Thursday, March 17, 2005


Terrorists Train for Seaborne Attacks

MANILA, Philippines - Two of the most dangerous al-Qaida-linked groups in Southeast Asia are working together to train militants in scuba diving for seaborne terror attacks, according to the interrogation of a recently captured guerrilla.

The ominous development is outlined in a Philippine military report obtained Thursday by The Associated Press that also notes increasing collaboration among the Muslim militants in other areas, including financing and explosives, as extremists plot new ways to strike.

In the past year, the Indonesia-based Jemaah Islamiyah has given Abu Sayyaf militants in the Philippines at least $18,500 for explosives training alone, the report said.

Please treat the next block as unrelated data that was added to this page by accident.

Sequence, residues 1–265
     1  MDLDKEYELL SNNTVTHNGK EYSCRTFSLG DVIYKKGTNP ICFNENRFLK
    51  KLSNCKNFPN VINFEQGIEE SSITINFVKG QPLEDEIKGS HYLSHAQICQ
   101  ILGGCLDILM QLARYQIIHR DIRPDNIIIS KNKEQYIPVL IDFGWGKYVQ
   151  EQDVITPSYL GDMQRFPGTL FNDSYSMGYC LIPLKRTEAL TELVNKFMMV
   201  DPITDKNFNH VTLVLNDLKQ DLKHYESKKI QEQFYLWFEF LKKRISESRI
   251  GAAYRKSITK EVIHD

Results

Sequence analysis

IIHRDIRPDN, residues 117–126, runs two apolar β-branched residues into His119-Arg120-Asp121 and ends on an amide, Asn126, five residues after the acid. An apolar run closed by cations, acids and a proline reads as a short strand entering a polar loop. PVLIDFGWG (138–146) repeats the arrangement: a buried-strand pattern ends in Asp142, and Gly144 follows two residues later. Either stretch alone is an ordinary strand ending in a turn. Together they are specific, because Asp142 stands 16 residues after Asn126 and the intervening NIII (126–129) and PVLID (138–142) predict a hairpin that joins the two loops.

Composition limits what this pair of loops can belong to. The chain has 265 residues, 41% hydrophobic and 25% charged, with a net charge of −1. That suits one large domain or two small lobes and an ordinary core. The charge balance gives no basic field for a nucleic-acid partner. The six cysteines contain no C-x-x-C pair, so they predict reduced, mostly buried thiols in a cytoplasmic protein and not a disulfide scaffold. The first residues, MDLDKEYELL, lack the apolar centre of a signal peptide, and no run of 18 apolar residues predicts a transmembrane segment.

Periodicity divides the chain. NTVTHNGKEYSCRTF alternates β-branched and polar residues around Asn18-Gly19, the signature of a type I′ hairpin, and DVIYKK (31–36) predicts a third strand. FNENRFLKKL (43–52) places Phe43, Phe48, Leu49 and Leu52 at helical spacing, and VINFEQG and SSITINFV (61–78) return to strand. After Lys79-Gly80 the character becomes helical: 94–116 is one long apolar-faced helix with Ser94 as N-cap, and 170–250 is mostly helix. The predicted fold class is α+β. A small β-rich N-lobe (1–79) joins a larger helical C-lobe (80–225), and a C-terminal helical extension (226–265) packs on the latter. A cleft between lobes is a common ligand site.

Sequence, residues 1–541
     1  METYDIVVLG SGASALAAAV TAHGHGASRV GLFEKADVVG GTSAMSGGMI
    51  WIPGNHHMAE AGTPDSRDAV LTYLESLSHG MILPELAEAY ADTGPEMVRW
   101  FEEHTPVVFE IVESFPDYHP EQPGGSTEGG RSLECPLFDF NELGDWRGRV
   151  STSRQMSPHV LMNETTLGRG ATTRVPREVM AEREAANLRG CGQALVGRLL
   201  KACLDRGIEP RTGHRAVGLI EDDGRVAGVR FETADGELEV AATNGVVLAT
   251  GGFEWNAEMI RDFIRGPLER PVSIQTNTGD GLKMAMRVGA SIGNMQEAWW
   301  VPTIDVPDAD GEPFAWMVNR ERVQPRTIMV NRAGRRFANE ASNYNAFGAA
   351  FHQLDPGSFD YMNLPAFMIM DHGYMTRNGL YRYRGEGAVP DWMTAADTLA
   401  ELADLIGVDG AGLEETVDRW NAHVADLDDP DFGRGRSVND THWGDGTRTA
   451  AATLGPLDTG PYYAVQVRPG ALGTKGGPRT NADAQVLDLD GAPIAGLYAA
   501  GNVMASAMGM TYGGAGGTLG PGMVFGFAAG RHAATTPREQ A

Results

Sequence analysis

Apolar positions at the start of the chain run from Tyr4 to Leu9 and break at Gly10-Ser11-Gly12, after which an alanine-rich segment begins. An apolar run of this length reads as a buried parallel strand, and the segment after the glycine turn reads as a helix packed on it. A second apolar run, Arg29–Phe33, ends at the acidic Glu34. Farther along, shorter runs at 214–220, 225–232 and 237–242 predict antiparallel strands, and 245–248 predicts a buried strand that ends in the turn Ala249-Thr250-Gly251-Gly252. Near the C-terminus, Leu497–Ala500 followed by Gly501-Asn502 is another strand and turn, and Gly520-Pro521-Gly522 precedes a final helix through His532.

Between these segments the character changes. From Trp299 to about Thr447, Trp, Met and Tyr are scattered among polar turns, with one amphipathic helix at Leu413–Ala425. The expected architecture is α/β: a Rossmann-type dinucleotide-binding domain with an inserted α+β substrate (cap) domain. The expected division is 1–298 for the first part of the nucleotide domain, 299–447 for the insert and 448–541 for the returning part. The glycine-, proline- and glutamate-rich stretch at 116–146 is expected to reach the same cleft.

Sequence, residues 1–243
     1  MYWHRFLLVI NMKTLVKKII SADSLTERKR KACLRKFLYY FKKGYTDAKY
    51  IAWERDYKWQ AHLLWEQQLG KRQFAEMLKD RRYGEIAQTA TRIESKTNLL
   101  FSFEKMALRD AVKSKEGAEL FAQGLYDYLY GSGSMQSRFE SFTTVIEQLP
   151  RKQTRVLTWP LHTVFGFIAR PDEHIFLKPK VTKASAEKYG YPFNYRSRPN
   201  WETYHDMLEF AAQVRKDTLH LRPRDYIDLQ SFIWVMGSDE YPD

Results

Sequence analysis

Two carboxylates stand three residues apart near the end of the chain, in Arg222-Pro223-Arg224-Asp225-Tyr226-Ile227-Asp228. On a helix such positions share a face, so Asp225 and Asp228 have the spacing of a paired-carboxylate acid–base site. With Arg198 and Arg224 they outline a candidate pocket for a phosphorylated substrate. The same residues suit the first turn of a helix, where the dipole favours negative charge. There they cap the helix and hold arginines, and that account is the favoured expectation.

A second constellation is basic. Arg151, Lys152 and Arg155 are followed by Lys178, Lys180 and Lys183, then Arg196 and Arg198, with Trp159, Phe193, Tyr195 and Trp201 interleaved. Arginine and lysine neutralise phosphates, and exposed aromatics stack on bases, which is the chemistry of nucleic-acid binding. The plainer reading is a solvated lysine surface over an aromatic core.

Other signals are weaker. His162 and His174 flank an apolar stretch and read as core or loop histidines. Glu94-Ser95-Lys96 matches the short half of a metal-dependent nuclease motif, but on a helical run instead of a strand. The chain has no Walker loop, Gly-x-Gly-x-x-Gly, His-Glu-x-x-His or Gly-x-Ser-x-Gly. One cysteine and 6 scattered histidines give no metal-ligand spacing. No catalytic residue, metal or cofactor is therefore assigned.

The report comes a month after the U.S. Coast Guard (news - web sites) announced it is seeking to better protect the nation's ports from terrorist attacks by scuba divers by developing a sonar system that can distinguish human swimmers from dolphins.

Concerns about terrorist strikes by scuba divers were raised three years ago after the FBI (news - web sites) announced it was investigating whether al-Qaida operatives took scuba training to help blow up ships at anchor, power plants, bridges, depots or other waterfront targets.

Authorities fear scuba divers could target ships with more accuracy than a small explosive-laden boat like the one used in the USS Cole (news - web sites) blast that killed 17 sailors in 2000 in Yemen.

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